When a bill is reported out by the Assembly committee, that means it passed in that committee. In this instance, they will move to the codes committee for further consideration.
The stop arm camera legislation would be discretionary for school boards to pass a resolution authorizing the cameras to be installed and used on buses. Enforcement of illegally passing school buses has become the focus of a yearly crackdown on drivers on New York’s roads in recent years.
An estimated 54,962 drivers statewide passed a school bus on a single day in March 2017. Nationwide, an estimated 10 million drivers illegally pass stopped school buses each year.
A first-time conviction for illegally passing a school bus could result in fines ranging from $250 to $400, five points on the drivers’ license and potentially 30 days in jail.
Not every incident involves in a ticket issued against the driver, according to police. Sometimes a warning is given.
Another of the bills, which was designed to enhance drug and alcohol testing protocols for school bus drivers, was sponsored by Assemblywoman Donna Lupardo, D-Endwell.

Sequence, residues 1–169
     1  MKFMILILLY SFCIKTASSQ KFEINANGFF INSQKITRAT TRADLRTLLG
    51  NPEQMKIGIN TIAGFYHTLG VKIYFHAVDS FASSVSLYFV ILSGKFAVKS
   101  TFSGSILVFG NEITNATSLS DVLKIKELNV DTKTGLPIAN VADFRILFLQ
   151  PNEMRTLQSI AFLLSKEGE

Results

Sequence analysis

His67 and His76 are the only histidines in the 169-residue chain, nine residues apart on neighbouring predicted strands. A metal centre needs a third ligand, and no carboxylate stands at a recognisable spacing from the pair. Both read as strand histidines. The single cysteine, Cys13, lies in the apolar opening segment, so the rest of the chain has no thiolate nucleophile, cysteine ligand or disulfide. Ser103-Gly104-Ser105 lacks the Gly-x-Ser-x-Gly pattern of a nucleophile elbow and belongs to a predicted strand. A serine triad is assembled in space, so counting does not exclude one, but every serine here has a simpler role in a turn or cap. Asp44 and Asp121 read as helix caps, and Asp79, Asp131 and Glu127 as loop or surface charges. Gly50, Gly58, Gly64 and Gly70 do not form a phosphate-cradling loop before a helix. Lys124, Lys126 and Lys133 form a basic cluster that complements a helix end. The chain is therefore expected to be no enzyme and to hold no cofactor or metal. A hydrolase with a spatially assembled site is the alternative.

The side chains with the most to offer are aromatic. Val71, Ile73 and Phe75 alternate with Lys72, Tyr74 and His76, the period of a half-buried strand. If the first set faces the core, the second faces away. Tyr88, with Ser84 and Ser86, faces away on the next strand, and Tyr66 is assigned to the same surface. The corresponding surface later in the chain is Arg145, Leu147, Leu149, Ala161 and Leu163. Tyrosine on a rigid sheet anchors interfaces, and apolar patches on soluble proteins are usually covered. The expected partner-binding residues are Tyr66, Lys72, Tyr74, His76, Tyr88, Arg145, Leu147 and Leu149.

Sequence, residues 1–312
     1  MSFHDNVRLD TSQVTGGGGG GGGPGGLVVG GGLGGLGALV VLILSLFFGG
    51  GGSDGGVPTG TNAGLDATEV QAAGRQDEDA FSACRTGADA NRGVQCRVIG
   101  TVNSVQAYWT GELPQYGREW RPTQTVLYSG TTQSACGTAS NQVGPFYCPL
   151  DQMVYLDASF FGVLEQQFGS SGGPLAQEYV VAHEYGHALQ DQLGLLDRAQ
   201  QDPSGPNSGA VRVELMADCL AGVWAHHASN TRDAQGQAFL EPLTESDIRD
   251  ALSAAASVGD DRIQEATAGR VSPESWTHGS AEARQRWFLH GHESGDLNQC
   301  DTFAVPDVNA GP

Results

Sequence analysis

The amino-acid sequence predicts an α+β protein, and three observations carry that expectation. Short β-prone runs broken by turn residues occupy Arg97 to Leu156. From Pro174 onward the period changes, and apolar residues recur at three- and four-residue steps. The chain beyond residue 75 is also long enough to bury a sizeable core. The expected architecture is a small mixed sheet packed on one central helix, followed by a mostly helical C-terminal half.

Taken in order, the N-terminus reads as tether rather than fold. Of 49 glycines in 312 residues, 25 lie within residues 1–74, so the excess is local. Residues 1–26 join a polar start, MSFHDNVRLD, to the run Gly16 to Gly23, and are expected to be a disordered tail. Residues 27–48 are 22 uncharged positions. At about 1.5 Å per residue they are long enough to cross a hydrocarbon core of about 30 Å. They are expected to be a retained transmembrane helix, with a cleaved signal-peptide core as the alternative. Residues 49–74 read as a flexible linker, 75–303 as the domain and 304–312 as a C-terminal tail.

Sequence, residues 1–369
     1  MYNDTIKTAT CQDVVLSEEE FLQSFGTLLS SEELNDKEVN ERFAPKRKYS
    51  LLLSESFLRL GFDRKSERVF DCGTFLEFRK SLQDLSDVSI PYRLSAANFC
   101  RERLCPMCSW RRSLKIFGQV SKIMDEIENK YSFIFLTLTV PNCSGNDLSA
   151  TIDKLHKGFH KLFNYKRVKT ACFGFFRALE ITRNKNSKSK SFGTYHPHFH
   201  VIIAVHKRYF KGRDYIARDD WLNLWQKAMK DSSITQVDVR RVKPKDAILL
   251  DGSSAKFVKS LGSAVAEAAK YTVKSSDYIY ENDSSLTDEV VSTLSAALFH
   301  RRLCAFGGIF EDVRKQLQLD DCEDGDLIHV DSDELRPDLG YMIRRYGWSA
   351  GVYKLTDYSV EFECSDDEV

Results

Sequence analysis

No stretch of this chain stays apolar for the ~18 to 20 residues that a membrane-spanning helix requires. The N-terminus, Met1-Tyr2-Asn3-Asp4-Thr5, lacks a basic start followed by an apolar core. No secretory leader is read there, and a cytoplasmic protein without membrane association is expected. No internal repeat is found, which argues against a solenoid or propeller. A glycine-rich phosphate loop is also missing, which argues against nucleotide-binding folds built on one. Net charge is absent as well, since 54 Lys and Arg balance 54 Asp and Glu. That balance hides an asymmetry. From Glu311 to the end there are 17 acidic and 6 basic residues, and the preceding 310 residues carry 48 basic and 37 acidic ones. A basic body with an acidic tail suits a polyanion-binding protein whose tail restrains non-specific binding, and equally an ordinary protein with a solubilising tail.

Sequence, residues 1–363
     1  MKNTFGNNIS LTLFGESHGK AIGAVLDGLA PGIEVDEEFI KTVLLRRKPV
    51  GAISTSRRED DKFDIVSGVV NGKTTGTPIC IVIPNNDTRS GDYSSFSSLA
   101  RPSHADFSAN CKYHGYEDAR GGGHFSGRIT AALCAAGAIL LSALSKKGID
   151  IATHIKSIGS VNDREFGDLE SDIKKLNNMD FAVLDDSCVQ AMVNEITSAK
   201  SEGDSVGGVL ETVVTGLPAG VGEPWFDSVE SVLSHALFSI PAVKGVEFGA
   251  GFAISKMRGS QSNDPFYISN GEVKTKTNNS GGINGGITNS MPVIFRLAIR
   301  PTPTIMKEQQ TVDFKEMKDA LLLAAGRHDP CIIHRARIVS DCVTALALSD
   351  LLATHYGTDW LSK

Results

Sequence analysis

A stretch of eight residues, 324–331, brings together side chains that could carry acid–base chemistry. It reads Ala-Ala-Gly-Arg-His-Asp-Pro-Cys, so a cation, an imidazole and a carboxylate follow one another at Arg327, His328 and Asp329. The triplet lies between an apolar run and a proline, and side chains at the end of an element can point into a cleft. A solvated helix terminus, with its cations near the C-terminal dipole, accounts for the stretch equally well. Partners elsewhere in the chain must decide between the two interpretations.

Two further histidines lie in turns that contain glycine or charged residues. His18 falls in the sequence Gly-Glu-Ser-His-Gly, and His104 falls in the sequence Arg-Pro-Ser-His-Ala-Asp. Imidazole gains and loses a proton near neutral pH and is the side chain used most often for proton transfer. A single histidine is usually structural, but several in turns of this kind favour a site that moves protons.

The legislation would increase the number of drivers who are subjected to such testing, as well as increasing the number of hours that must elapse before a driver can operate a school bus.
“School bus drivers are entrusted with transporting students to and from school safely,” Lupardo said in a statement Tuesday.
“Under current law, drivers of smaller buses are not required to be tested for drugs and alcohol,” she said. “By closing this loophole, we’ll make the school commute safer for children and for other motorists on the road. I’m glad this bill has made it out of the Transportation Committee and is one step closer to a vote on the Assembly floor.”
Other bills reported out Tuesday in the Assembly’s Transportation Committee included:
Creation of a fund to promote awareness of school bus safety and particularly increase public understanding about the dangers of illegal passing.
Doubling fines for drivers of large commercial vehicles that pass stopped school buses.
Providing license suspension for multiple convictions of illegally passing stopped school buses. It would impose a 60-day suspension on any motorist who is convicted two or more times of illegally passing a stopped school bus.